I recall lamenting to my mother years ago about the authority figures in my school. We were sitting in this hot Lagos traffic while I ranted about the school being run like a fascist state: the administration could run up any rules whenever they felt like, yes, because no one ever held them accountable, there was never any repercussions for teachers who lied against or mistreated us the students and nobody ever cared to listen to us when we reported issues that mattered.
I confessed that some of us had been harboring the thought of protesting two weeks into our resumption but majority of us had not mustered the courage to do so because we were scared.
In response, she told a story of how my elder sister had taken part in a protest against the landlord in a hotel outside her university who had predatory renter’s policies. My sister in her true nature had stood at the forefront of the protest, placard and spirits raised high, chants the popular war songs soldiers sang. When all was said and done, nothing happened and all the students who were identified as taking part in the demonstration were evicted sadly enough. She didn’t say much else after that, but the message was crystal clear: you can’t win.
It has always been of interest in knowing why the older generation have taken a silent stand rather than speak up.
I am aware of some historic stands made by the likes of Funmilayo Ransome-Kuti and the Abeokuta women who advocated for women’s right and demanding an end to unfair taxes on market women, Aba women’s riot seeking a change to the warrant chief system to Fela’s political lyrics such as “Water No Get Enemy”. This occurrence is nothing new to us, yet the anti-SARS protests have been regarded by some as the product of mere youth exuberance.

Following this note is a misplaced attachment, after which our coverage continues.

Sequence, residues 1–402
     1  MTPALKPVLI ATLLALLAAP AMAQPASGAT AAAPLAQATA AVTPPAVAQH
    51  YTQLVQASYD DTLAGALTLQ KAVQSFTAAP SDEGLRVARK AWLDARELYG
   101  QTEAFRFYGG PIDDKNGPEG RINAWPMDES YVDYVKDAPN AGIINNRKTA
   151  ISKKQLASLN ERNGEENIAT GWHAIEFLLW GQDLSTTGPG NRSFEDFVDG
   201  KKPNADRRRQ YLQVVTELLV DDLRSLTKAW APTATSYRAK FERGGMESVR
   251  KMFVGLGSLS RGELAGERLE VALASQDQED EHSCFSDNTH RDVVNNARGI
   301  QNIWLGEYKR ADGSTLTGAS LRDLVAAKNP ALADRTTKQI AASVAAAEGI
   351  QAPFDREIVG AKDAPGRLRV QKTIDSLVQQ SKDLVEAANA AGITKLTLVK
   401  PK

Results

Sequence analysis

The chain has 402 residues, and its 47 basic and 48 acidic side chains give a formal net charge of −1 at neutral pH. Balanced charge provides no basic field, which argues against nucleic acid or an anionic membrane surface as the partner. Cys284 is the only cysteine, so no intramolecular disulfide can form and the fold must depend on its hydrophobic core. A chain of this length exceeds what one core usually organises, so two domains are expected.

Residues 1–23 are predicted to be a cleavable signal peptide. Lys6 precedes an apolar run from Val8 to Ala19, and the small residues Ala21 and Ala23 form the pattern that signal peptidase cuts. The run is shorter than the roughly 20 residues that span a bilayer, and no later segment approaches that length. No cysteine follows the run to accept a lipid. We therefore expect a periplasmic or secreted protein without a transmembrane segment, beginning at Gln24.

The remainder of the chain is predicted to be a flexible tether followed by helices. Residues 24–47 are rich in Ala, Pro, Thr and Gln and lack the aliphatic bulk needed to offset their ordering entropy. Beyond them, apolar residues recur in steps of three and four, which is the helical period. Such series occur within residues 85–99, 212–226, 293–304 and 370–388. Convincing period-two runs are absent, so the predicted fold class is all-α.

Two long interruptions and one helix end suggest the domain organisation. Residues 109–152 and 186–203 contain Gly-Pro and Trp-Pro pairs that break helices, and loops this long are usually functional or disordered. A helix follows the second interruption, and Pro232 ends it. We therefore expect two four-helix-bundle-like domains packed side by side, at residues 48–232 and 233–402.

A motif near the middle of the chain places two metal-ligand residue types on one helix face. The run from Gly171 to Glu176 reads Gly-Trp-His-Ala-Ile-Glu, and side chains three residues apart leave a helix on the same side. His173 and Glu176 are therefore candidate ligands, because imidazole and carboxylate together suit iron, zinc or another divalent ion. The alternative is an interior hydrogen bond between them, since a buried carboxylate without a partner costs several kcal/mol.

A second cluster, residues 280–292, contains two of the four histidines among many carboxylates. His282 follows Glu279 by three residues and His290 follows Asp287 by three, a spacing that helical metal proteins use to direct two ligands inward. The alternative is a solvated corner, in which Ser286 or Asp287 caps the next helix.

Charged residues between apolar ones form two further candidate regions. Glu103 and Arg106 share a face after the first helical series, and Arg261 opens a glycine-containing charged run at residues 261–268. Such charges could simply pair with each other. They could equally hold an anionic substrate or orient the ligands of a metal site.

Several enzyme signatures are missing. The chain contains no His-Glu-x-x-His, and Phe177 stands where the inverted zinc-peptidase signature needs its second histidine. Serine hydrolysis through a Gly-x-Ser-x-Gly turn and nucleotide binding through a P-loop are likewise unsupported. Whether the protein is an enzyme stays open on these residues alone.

I would want to blame it on colonialism solely because the white man had come to our country, introduced religion and assimilation which brought with it the use of total submission as a tool for maintaining law & order and not long after gaining independence from the white man, military rule introduced another dimension, were speaking out against injustice could have you killed, and violence was routine.
It is true indeed that Nigeria our country has been through some dark moments, and hard to believe that the country is still standing when it looks like it could fall apart with the flick of a finger. There are so many things going on right now and only time will tell where it will all end.
For the first time in a long time, the youths are lending their voices to every situation happening all around the country – speaking up against police brutality, social reforms, gender inequality, to running for political positions in government and many more.
ENDSARS put fear into the government of the day, it showed that an entirely new generation has emerged, they are nothing like the docile generation they have always been used to and they don’t intend to back down. This new generation are demanding for a government that works for its people and not the other way round as the case has always been.